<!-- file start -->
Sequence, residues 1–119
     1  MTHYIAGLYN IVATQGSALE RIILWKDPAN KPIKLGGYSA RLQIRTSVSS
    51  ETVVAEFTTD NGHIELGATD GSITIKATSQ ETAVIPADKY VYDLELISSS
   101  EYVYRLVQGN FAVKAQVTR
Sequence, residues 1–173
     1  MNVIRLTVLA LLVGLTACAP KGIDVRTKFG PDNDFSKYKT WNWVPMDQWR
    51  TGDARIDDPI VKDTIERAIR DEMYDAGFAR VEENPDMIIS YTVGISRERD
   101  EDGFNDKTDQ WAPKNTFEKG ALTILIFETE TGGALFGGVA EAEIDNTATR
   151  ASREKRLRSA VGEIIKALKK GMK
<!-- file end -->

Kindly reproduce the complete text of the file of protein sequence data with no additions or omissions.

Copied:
Sequence, residues 1–119
     1  MTHYIAGLYN IVATQGSALE RIILWKDPAN KPIKLGGYSA RLQIRTSVSS
    51  ETVVAEFTTD NGHIELGATD GSITIKATSQ ETAVIPADKY VYDLELISSS
   101  EYVYRLVQGN FAVKAQVTR
Sequence, residues 1–173
     1  MNVIRLTVLA LLVGLTACAP KGIDVRTKFG PDNDFSKYKT WNWVPMDQWR
    51  TGDARIDDPI VKDTIERAIR DEMYDAGFAR VEENPDMIIS YTVGISRERD
   101  EDGFNDKTDQ WAPKNTFEKG ALTILIFETE TGGALFGGVA EAEIDNTATR
   151  ASREKRLRSA VGEIIKALKK GMK